• Early logging operations built temporary structures called "splash dams" across small streams in more than 160 locations on Oregon's coastal streams and Columbia River tributaries. First, a dam was built and filled with water. When it was blown up, mammoth logs roared downstream in a huge torrent. These torrents of water and logs would scour stream bottoms as logs pushed gravel off stream bottoms, leaving bare bedrock. Salmon, their habitat and their offspring were often destroyed
  • After World War II, heavy equipment was used to harvest trees. Yarders, loaders, bulldozers and trucks came down extensive networks of newly built roads into areas formerly inaccessible to timber harvest. On federal lands, there is now an average of between three and four miles of road per square mile of watershed area, according to a 1993 Federal Ecosystem Management Assessment Team Report. Forest Service studies showed that where roads were built on steep terrain in the 1940s through the 1960s, the frequency of landslides increased dramatically compared to steep roadless terrain
  • Mechanized timber harvest and associated road construction increased sediment into streams and raised stream temperatures. Inadequately designed road culverts blocked salmon migration to spawning areas. Until the 1980s, large woody debris was often removed from salmon streams because biologists thought it helped fish migrate upstream to spawn

Since the 1990s, logging now has less impact on forest soils, water, and fish due to harvest of smaller trees with new techniques, lighter machines, better road practices and replacement of barriers to migration with new culverts and bridges.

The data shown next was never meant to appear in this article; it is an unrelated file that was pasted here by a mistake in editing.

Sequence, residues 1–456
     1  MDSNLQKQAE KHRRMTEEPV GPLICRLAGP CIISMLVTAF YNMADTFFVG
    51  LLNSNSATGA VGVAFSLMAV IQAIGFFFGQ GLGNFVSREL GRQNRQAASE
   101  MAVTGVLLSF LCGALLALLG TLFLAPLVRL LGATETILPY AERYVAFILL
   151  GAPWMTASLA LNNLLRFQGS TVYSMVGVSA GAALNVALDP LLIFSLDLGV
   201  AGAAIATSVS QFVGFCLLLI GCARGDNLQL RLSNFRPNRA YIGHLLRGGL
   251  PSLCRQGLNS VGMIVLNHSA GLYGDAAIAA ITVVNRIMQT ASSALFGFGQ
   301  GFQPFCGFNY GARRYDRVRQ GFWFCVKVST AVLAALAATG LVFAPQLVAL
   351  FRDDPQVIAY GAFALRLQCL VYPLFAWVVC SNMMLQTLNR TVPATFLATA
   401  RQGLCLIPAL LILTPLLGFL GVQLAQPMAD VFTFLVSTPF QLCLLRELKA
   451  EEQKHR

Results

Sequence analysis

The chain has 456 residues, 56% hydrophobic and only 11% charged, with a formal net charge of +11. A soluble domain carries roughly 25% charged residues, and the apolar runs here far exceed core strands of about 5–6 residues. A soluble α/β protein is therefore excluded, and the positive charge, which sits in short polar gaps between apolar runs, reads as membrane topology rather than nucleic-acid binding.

However, Bill Arsenault, who operates a small woodland farm near Elkton and is a vice president of the Oregon Small Woodlands Association, is working to address this lack of large woody debris in streams. "What I'm doing on my place primarily is putting wood back in the streams. This is very important as an interim step [in improving salmon habitat]. Current forest practices are designed to allow the natural system to put wood back in the streams. But that's a long-term process."

Although timber practices are now changing for the better and public land managers are now protecting more areas for natural, non-consumptive uses including wilderness, wildlife, fisheries and water quality, the salmon will be affected by past forest practices for many decades, said Reeves.

Sources - Floods

Dinicola, Karen. The 100-Year Flood. U.S. Geological Survey Fact Sheet 229-96. 2005.

Federal Emergency Management Agency. Map Service Center. [Accessed March 2007].

Tillamook County, Office of Community Development. Flood Information. Tillamook, OR; The County. 2007.

Sources - Tsunamis

Oregon State University College of Forestry, USDA Pacific Northwest Research Station, Oregon Department of Forestry & National Commission on Science for Sustainable Forestry. Coastal Landscape Analysis and Modeling Study (CLAMS) 2004. Corvallis, OR: The College.

Savonen, Carol. 1998. A Snapshot of Salmon: Forestry. Corvallis, OR; Oregon State University Extension Service. EM 8722.

Compiled by John Ame, Science Writer (2007); Revised by Hal Salwasser, Dean, OSU College of Forestry